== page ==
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Digital Photography

Information Technology
August 9, 2001
Just west of Georgetown, Australia

We take a lot of digital pictures everyday, but only a couple make it back to the web site. The video cameras we are using to capture the action are also equipped with memory cards to store any still photographs we want to take. This is great since we don’t have to drag a fourth or fifth camera around with us as we ride our bikes (we have the cameras strapped around our necks as we ride and they jab us in the ribs as they swing about under us. More cameras, more jabs).


When we come back to our computers at night it’s an easy matter to take the memory cards out of the video camera and transfer them to the waiting computer slot. The slot allows the digital picture information to be read by the computer, just as if you had put in a CD.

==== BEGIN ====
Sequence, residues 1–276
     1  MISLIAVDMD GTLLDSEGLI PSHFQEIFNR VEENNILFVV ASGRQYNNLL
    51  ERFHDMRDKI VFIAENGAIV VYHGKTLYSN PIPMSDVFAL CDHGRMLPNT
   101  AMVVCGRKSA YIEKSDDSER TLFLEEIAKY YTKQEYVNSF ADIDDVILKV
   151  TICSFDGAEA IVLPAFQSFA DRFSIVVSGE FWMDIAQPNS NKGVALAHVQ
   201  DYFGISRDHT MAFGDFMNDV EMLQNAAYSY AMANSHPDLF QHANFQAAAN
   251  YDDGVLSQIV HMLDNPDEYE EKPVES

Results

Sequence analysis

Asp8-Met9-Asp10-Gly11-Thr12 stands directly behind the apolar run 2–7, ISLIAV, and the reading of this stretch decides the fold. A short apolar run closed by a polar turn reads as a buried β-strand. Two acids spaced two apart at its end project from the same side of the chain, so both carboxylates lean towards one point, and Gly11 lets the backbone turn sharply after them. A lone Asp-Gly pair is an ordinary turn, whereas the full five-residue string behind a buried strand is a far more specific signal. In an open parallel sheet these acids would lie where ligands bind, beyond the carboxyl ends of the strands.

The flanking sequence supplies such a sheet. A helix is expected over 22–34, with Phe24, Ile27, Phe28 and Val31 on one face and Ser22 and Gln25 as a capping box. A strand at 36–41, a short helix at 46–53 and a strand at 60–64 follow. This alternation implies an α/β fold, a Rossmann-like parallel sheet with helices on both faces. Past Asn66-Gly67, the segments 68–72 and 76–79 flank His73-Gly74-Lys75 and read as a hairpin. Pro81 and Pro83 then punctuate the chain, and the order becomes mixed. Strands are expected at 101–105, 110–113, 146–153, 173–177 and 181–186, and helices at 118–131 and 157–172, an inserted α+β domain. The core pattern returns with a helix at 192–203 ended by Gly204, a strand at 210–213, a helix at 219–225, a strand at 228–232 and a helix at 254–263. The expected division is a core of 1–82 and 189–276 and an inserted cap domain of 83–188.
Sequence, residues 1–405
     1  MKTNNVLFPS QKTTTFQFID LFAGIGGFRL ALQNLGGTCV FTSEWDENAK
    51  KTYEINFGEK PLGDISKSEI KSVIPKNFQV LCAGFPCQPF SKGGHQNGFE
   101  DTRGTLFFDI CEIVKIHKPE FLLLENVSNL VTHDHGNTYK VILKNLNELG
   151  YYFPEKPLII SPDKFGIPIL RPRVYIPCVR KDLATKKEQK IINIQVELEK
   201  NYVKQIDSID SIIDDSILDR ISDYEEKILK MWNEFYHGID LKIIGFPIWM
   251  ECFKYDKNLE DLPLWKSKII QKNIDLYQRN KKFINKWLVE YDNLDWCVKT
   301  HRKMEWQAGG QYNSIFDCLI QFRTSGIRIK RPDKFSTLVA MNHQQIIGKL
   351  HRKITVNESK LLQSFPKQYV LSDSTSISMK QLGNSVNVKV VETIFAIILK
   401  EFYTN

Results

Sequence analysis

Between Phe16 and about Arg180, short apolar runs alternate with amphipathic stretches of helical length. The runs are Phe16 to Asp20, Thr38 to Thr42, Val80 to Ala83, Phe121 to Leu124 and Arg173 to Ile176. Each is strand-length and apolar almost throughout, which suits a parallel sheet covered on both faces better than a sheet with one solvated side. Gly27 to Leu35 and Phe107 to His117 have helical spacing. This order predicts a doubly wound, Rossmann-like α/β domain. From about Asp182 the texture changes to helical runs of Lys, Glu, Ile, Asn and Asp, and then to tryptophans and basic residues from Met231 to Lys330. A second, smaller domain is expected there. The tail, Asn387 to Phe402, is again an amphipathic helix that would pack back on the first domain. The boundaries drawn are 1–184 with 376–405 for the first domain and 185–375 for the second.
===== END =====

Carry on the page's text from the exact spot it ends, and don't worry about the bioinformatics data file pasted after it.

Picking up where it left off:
Here’s where our work finally begins. The detail on the photos is quite remarkable and the photos saved are quite large in size. They often start at greater than 150K. This is far too much memory required for us to send photos efficiently so we have to play with them somewhat and bring them down to 35K or less.

To do this we take the photo over to a program called Photoshop and highlight only the necessary part of the photo for our needs. Then we might increase the contrast or the color saturation to improve the quality of the image. After that we take the photo over to another program called Fireworks 2 because it’s still way too big. There we can reduce the size of the picture and compress the photo automatically down to the size we need to send to you.

Hope you’re enjoying them.



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